When I was introduced to musician Beatie Wolfe at the DLD conference in Munich last week, she was wearing a gold jacket with a pink and white design stitched into it, which she explained was an ‘encoding’ of one of her songs.
Wolfe, then, isn’t your everyday singer-songwriter. She looks for ways to give her music the physical experience that has been lost since we shifted from CDs and vinyl to digital consumption.
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Aside from the jacket, she released her first album as a 3D interactive app and her follow-up is available in the form of a deck of cards. Tap each card against a suitably NFC-enabled phone and you’ll be taken to a Web page where you can listen to the song and find out more about it.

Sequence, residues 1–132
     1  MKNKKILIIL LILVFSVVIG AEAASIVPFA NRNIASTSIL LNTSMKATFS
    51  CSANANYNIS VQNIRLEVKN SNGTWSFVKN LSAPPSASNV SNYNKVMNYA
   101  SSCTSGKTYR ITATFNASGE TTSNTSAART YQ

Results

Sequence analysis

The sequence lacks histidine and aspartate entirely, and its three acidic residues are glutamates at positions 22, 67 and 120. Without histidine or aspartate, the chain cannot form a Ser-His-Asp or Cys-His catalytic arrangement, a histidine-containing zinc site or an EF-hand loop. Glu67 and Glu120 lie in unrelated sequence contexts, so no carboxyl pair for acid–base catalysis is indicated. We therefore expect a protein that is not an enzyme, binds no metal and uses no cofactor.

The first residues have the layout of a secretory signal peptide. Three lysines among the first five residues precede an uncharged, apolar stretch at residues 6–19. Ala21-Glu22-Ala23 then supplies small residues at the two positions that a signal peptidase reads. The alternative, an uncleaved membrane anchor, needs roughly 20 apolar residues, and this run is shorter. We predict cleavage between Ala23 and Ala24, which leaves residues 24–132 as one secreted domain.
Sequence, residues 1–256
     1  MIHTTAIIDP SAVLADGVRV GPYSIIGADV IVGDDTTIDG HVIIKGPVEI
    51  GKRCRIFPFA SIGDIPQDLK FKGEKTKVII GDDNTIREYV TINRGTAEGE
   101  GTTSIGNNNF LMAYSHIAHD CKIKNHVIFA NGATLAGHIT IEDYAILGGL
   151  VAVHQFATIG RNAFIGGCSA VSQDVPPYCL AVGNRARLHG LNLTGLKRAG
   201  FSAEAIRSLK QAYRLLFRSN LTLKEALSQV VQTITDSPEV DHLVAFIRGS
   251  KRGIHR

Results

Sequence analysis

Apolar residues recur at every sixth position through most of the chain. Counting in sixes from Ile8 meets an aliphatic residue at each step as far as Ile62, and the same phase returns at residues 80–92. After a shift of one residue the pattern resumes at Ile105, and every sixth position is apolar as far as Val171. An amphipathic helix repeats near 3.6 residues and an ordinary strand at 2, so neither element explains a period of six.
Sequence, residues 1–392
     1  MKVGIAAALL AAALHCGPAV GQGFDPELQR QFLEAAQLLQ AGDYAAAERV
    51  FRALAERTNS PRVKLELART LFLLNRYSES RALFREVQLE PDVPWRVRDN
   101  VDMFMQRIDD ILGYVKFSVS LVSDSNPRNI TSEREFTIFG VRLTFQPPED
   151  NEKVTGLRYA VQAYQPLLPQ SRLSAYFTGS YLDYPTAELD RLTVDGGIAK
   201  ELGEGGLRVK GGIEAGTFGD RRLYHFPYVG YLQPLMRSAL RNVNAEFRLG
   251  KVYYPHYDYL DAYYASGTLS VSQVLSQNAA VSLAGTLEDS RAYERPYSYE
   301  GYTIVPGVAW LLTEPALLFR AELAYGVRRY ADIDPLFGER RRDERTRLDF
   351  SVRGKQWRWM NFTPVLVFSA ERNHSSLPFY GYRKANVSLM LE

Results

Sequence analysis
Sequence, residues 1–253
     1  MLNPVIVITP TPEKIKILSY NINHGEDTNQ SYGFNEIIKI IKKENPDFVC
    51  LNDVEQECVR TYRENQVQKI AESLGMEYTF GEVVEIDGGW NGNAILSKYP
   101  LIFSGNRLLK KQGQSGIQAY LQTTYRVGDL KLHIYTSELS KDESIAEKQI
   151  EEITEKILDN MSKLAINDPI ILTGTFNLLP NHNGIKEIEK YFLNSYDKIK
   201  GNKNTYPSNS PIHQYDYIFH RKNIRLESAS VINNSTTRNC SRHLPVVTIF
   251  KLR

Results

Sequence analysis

That might sound like a lot of work compared with clicking ‘play’ and listening to the whole album in an app, but music used to be a lot more about ceremony – placing a needle in a groove, taking it off at the end of side one, flipping the disc and repeating. Far from a chore, it was about devoting time and attention to the music.
It’s a brilliant, inspiring idea that transcends novelty. If your favorite artist did this, it would be a collectors item – something to treasure and connect you with the music in a way that searching for it on Spotify simply can’t.
So bravo to Beatie Wolfe. More musicians should try this stuff.